In the months that followed their lunch in Boston, Hunt and Simmons pooled their resources, rented a space from Bill and Cecil Lowery on Main Street in Manchester, and opened Tilting at Windmills to the public on December 7, 1971. When Hunt and Simmons first opened the business, all they had was a dry mounting press, a few boxes of foam board, an initial order of posters, and a shared ambitious mindset. As the store began to build its clientele base, Hunt bought out Simmons’ share of the business and purchased the building that they had been renting from its owner. In the years that followed, Hunt welcomed his first daughter Hileary with his wife, Ginger, and began to expand his services to include traditional non-foam framing. Early on, he purchased pre-cut mats, frames, and glass from a wholesale framing operation in Chelsea, Massachusetts. Although Hunt was starting to draw a noticeable profit from his expanded framing operation, he quickly became tired of driving back and forth from Massachusetts with the pre-cut frames. He knew that he had to learn how to cut frames himself in order to continue to grow his business. Over the next several years, he began to develop his framing skills and built a small frame-cutting workshop in the upstairs space of his building. The business continued to flourish while Hunt honed his craft, and Hunt began to develop relationships with area artists. One talented artist from Gloversville, New York, Gunter Korus (1926-2021), would end up playing an integral role in shaping the future trajectory of Tilting at Windmills.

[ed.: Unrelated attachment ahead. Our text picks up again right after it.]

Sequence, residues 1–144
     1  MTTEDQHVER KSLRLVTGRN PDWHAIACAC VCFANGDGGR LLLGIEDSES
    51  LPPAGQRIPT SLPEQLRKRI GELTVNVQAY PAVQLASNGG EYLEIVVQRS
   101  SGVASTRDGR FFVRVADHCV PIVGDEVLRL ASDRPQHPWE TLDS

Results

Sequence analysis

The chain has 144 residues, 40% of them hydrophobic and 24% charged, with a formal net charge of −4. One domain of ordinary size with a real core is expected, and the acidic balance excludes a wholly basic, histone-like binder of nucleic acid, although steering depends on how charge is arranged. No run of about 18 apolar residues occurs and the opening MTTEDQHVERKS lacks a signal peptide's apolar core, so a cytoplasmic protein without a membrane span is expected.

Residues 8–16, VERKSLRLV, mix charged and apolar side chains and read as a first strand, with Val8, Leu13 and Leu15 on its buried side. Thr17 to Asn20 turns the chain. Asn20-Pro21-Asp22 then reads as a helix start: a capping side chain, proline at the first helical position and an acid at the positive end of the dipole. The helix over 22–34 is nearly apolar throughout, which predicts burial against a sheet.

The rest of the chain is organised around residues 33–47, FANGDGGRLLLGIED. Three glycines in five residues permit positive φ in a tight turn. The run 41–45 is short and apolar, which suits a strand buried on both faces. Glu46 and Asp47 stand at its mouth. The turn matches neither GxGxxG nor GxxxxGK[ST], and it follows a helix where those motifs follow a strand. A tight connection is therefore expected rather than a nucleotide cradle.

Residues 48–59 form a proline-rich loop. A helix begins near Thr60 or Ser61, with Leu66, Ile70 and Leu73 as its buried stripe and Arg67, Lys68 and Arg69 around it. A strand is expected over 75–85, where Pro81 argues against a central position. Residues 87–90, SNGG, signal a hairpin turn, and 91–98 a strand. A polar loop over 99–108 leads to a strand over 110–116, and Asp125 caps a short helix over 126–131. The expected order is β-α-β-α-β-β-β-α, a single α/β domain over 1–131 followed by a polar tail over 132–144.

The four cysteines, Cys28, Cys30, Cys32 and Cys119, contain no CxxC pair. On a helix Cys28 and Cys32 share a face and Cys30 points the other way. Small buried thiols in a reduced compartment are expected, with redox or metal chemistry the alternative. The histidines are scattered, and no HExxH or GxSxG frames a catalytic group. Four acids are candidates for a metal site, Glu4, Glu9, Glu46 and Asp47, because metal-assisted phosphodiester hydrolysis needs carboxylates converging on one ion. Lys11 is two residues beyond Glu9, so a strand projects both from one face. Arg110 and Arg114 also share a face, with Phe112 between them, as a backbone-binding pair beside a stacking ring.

It was 1975 when Korus arrived at Tilting at Windmills in a Volkswagen bus that was filled entirely with paintings. When Hunt bought one of Korus’ small still life pieces on that day, it started a long and lucrative business relationship. Over the next several decades, Korus established an exclusive consignment arrangement with Tilting at Windmills. This symbiotic partnership helped Korus build his reputation as an artist and also helped Tilting at Windmills gain traction in the art world. In the years that followed, Tilting at Windmills’ roster of artists expanded to include other master artists such as Hale Johnson and Gerald Lubeck, who also forged exclusive partnerships with the gallery. According to Tilting at Windmills’ current owner Terry Lindsey, Korus was best known for his stunning three-dimensional realism in landscapes and still life works. Gerald Lubeck (1942-2019) was a versatile artist who lived in Vermont and painted scenes from a variety of regions. He also painted scenes with livestock and plants from different environments. Hale Johnson specializes in highly-detailed oil paintings of old architectural structures, as well as rustic paintings of rusty roofs, rough boards, and farm antiques. Together, the works of Korus, Lubeck, and Johnson contributed greatly to the overall success of Tilting at Windmills as a business throughout all of its subsequent stages.

When Ben Hauben acquired several properties in Manchester and brought outlet stores to the area in the early 1980s, the Shires region entered a new era of collective business prosperity. Hunt was able to capitalize on the new Southern Vermont tourism surge. He jumped at the chance to increase the quality of the artworks he was showcasing at Tilting at Windmills and decided to take new stylistic risks with his framing. After Gunter Korus’ works sold out several years in a row at the International Art Exposition in New York City, Tilting at Windmills earned a reputation as one of the preeminent art galleries in the Northeastern region of the United States.